Friday, February 5, 1993 - Page updated at 12:00 AM

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Big Ring Of Jewel Thieves Takes Shine To Northwest

They drive rented Cadillacs, look like nothing so much as well-to-do tourists, and sip espresso right next to you at your favorite suburban mall.

And unless you're in the habit of lugging around $200,000 or more in precious gems, you probably have little to fear from a slick gang of jewelry thieves best known as "The Colombians."

Police say hundreds of members of an international theft ring, trained at pickpocket schools in South America, have been working large cities such as Los Angeles, New York and Miami for two decades. They steal roughly $500 million a year in precious gems, according to the Jeweler's Security Alliance, a nationwide theft-prevention association.

Now, the thieves have expanded to the Northwest, from Vancouver, B.C., to Portland - with Bellevue Square and Seattle's downtown jewelry district favorite targets. They steal from sales representatives, known as couriers, who travel alone supplying diamonds, pearls, emerald and opal jewelry to jewelers.

Bellevue police Detective Bob Thompson has handled a half-dozen cases in the past two years. He says the thieves "sit in the mall, drink coffee and watch a store. Then as soon as you turn your back, bam, they grab the goods and they're gone."

Within a half hour of a hit, the thieves typically will have already sent their loot via Federal Express or United Parcel Service to Los Angeles, where many of the thieves are based, Thompson said. "The jewelry goes one way and they take off another," he said.

As a result, the thieves almost never get caught. Many have been trained at the School of Seven Bells, for pickpockets, in Bogota, Colombia, according to Los Angeles police Detective Mike Woodings, considered one of the country's leading experts on the Colombian thieves. The school gets its name from the bells put on clothing that ring if a clumsy trainee messes up when reaching into an instructor's pocket.


All are in the country illegally, about 95 percent from Bogota, Woodings said, and the remainder are from other South American countries.

Ring members usually work one of two ways: creating a distraction or waiting for couriers to make a mistake and let go of their bags. Common distractions include spilling mustard on a victim and offering to clean up the mess, or, as was a case in Bellevue last summer, faking a pregnancy and writhing on the ground.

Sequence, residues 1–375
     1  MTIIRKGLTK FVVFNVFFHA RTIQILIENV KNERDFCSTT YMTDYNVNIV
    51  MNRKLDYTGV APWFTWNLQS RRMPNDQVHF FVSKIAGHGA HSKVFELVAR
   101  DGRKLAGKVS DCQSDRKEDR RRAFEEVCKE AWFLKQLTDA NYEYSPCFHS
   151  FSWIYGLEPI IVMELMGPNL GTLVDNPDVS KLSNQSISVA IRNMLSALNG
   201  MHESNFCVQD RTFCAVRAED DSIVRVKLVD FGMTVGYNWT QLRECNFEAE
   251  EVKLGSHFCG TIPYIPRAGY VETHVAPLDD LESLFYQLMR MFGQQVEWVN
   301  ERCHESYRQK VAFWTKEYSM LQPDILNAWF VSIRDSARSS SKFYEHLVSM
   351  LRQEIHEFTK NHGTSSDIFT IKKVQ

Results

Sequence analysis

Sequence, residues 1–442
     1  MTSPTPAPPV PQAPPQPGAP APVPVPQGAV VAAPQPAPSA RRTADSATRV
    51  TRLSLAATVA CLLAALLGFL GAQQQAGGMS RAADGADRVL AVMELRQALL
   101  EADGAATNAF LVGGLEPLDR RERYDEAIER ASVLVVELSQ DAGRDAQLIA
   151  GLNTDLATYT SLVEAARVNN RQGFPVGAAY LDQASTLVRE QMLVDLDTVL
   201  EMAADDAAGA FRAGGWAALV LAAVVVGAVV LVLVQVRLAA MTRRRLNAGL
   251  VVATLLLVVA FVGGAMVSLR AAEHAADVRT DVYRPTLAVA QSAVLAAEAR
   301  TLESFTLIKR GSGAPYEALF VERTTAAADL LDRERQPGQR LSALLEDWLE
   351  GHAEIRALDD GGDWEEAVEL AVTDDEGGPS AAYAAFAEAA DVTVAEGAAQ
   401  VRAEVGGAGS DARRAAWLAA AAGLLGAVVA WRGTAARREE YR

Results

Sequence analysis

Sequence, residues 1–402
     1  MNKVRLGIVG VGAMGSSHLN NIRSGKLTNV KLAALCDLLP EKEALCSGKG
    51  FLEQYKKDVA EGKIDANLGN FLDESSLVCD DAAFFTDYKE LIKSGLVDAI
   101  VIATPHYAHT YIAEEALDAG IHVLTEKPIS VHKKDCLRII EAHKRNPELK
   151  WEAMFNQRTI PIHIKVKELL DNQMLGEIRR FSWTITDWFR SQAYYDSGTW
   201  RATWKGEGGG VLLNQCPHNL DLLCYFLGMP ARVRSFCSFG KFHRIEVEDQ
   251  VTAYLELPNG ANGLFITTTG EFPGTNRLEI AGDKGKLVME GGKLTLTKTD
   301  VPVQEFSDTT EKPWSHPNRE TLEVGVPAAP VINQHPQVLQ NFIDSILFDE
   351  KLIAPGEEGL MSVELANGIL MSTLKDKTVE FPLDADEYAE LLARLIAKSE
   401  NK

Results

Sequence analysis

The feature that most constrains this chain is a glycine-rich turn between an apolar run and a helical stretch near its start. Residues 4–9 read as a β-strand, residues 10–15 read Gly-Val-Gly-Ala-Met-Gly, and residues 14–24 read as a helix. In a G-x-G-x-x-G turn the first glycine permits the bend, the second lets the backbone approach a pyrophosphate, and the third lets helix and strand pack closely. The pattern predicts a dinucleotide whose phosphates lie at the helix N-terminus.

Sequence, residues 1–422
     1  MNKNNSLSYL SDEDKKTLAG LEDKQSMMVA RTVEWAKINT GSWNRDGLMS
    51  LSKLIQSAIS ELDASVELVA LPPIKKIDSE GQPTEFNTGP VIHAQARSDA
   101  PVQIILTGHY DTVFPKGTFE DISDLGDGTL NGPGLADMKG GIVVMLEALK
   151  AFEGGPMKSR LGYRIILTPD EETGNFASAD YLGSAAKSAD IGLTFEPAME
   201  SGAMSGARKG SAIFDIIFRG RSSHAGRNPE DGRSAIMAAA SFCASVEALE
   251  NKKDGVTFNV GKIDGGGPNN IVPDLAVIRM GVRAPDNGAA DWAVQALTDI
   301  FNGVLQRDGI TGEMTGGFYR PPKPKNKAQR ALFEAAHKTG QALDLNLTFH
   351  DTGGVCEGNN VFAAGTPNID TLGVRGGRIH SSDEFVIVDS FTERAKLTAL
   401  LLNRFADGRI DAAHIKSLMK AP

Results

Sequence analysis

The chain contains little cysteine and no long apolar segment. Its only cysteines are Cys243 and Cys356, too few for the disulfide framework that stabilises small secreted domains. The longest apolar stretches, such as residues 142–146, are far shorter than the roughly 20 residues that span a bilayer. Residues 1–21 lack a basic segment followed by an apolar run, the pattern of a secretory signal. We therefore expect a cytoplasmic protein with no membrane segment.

Justin Parks drives an unmarked delivery van for Ben Bridge Jewelers. On Aug. 11, he left Southcenter, heading for Bellevue Square, when he had to pull into because of a flat tire.

The tire had been punctured with a sharp object, probably an ice pick. It is another common ploy - but Parks didn't know that.

When he stepped out of his van, he noticed what appeared to be a pregnant Hispanic woman lying on her stomach.

"She was muttering and going into convulsions . . . she started muttering something about her baby," Parks told police.

Seconds later, she made a miraculous recovery.

"She got up and started jogging away. I figured I was being duped," Parks said.

She drove off with two men in a car with California plates.

Parks had been carrying three bags of jewelry worth $25,000 in his van. Now they were gone.

While Colombian thieves in the Northwest and Los Angeles generally go after jewelry couriers, Rick Smith of the FBI in San Francisco said delivery vans are the prime targets in his city.

Often, the ring members don't need to create a distraction. They just wait.

"They're the most patient thieves I've ever known," said Seattle police Detective Joe Corbett. Thieves have been known to follow a courier from Seattle-Tacoma International Airport to Southcenter to Seattle to Bellevue to Spokane, waiting for just the right moment, he said.